# Kendall rank correlation coefficient

In statistics, the Kendall rank correlation coefficient, commonly referred to as Kendall's τ coefficient (after the Greek letter τ, tau), is a statistic used to measure the ordinal association between two measured quantities. A τ test is a non-parametric hypothesis test for statistical dependence based on the τ coefficient.

It is a measure of rank correlation: the similarity of the orderings of the data when ranked by each of the quantities. It is named after Maurice Kendall, who developed it in 1938,[1] though Gustav Fechner had proposed a similar measure in the context of time series in 1897.[2]

Intuitively, the Kendall correlation between two variables will be high when observations have a similar (or identical for a correlation of 1) rank (i.e. relative position label of the observations within the variable: 1st, 2nd, 3rd, etc.) between the two variables, and low when observations have a dissimilar (or fully different for a correlation of −1) rank between the two variables.

Both Kendall's $\displaystyle{ \tau }$ and Spearman's $\displaystyle{ \rho }$ can be formulated as special cases of a more general correlation coefficient.

## Definition

Let $\displaystyle{ (x_1,y_1), ..., (x_n,y_n) }$ be a set of observations of the joint random variables X and Y, such that all the values of ($\displaystyle{ x_i }$) and ($\displaystyle{ y_i }$) are unique (ties are neglected for simplicity). Any pair of observations $\displaystyle{ (x_i,y_i) }$ and $\displaystyle{ (x_j,y_j) }$, where $\displaystyle{ i \lt j }$, are said to be concordant if the sort order of $\displaystyle{ (x_i,x_j) }$ and $\displaystyle{ (y_i,y_j) }$ agrees: that is, if either both $\displaystyle{ x_i\gt x_j }$ and $\displaystyle{ y_i\gt y_j }$ holds or both $\displaystyle{ x_i\lt x_j }$ and $\displaystyle{ y_i\lt y_j }$; otherwise they are said to be discordant.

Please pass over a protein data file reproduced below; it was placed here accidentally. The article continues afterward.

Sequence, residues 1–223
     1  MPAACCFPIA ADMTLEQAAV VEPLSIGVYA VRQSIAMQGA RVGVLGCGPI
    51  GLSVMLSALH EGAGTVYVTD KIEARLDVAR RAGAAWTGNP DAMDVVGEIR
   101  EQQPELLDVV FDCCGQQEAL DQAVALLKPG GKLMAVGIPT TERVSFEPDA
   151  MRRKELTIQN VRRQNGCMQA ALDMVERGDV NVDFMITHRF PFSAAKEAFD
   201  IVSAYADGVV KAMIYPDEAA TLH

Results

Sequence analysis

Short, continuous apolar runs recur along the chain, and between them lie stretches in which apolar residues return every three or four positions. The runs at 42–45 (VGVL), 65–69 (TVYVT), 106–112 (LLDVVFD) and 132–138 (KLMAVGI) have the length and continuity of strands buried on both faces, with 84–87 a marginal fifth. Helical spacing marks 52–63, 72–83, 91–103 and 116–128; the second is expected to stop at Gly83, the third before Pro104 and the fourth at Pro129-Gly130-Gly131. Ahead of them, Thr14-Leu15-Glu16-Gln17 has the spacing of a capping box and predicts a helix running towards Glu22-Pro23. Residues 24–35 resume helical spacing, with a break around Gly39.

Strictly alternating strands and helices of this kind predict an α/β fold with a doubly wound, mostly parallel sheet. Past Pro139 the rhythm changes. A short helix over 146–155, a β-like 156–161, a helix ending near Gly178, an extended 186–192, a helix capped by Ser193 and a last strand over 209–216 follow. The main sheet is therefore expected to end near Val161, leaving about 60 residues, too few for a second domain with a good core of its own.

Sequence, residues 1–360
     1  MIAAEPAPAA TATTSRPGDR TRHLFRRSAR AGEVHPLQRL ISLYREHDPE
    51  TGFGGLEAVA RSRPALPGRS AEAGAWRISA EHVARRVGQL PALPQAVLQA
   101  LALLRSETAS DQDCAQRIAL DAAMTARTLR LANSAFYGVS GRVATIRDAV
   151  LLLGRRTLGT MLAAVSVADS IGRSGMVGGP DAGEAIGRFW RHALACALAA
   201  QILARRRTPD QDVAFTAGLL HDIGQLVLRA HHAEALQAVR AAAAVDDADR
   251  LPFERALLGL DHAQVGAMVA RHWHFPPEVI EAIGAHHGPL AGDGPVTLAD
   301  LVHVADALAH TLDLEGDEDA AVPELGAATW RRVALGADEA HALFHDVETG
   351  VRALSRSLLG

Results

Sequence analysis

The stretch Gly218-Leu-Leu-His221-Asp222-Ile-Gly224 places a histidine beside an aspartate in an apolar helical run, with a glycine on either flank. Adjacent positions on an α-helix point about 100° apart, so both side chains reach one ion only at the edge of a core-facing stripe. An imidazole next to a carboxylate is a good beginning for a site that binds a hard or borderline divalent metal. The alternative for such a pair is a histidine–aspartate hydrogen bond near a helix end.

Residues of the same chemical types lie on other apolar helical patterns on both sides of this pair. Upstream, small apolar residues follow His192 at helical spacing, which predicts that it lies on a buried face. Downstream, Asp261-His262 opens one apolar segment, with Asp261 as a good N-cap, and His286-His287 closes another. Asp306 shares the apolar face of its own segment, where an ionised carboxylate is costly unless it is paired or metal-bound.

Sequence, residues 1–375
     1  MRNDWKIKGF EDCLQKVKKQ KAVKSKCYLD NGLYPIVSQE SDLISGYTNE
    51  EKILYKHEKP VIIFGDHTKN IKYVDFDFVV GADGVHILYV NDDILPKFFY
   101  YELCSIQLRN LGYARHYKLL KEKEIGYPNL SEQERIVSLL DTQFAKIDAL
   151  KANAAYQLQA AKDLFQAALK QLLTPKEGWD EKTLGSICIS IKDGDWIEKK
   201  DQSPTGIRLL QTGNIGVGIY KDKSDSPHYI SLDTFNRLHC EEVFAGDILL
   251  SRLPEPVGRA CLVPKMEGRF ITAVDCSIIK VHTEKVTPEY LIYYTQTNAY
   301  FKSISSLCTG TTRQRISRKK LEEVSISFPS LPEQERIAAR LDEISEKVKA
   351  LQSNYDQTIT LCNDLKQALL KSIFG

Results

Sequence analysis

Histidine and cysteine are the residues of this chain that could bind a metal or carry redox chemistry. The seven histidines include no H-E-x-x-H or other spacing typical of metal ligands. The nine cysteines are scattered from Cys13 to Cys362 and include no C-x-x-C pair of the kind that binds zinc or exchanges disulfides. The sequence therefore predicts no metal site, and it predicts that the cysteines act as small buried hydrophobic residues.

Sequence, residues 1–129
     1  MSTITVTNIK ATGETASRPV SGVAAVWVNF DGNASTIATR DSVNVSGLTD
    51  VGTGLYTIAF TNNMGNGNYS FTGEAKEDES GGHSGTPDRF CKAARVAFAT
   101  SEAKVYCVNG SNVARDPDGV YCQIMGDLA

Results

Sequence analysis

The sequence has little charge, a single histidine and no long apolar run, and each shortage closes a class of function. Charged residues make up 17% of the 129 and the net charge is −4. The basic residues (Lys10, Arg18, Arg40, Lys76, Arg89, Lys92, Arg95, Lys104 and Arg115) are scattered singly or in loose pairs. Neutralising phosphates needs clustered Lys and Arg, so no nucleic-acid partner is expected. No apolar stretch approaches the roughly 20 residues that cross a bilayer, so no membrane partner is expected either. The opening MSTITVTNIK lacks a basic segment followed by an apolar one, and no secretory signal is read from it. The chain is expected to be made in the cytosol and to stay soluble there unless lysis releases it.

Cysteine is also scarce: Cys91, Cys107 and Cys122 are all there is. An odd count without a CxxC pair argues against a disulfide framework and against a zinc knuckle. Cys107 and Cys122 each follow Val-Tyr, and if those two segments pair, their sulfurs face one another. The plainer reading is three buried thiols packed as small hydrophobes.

The Kendall τ coefficient is defined as:

$\displaystyle{ \tau = \frac{(\text{number of concordant pairs}) - (\text{number of discordant pairs})}{ {n \choose 2} } . }$[3]

Where $\displaystyle{ {n \choose 2} = {n (n-1) \over 2} }$ is the binomial coefficient for the number of ways to choose two items from n items.

### Properties

The denominator is the total number of pair combinations, so the coefficient must be in the range −1 ≤ τ ≤ 1.

• If the agreement between the two rankings is perfect (i.e., the two rankings are the same) the coefficient has value 1.
• If the disagreement between the two rankings is perfect (i.e., one ranking is the reverse of the other) the coefficient has value −1.
• If X and Y are independent, then we would expect the coefficient to be approximately zero.
• An explicit expression for Kendall's rank coefficient is $\displaystyle{ \tau= \frac{2}{n(n-1)}\sum_{i\lt j} \sgn(x_i-x_j)\sgn(y_i-y_j) }$.

## Hypothesis test

The Kendall rank coefficient is often used as a test statistic in a statistical hypothesis test to establish whether two variables may be regarded as statistically dependent. This test is non-parametric, as it does not rely on any assumptions on the distributions of X or Y or the distribution of (X,Y).

Under the null hypothesis of independence of X and Y, the sampling distribution of τ has an expected value of zero. The precise distribution cannot be characterized in terms of common distributions, but may be calculated exactly for small samples; for larger samples, it is common to use an approximation to the normal distribution, with mean zero and variance

$\displaystyle{ \frac{2(2n+5)}{9n (n-1)} }$.[4]

## Accounting for ties

A pair $\displaystyle{ \{(x_i,y_i), (x_j,y_j)\} }$ is said to be tied if $\displaystyle{ x_i=x_j }$ or $\displaystyle{ y_i=y_j }$; a tied pair is neither concordant nor discordant. When tied pairs arise in the data, the coefficient may be modified in a number of ways to keep it in the range [−1, 1]:

### Tau-a